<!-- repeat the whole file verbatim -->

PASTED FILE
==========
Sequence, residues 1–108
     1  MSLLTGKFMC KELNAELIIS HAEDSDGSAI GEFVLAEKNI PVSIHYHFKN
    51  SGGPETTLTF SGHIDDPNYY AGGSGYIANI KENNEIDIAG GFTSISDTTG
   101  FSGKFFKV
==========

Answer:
Sequence, residues 1–108
     1  MSLLTGKFMC KELNAELIIS HAEDSDGSAI GEFVLAEKNI PVSIHYHFKN
    51  SGGPETTLTF SGHIDDPNYY AGGSGYIANI KENNEIDIAG GFTSISDTTG
   101  FSGKFFKV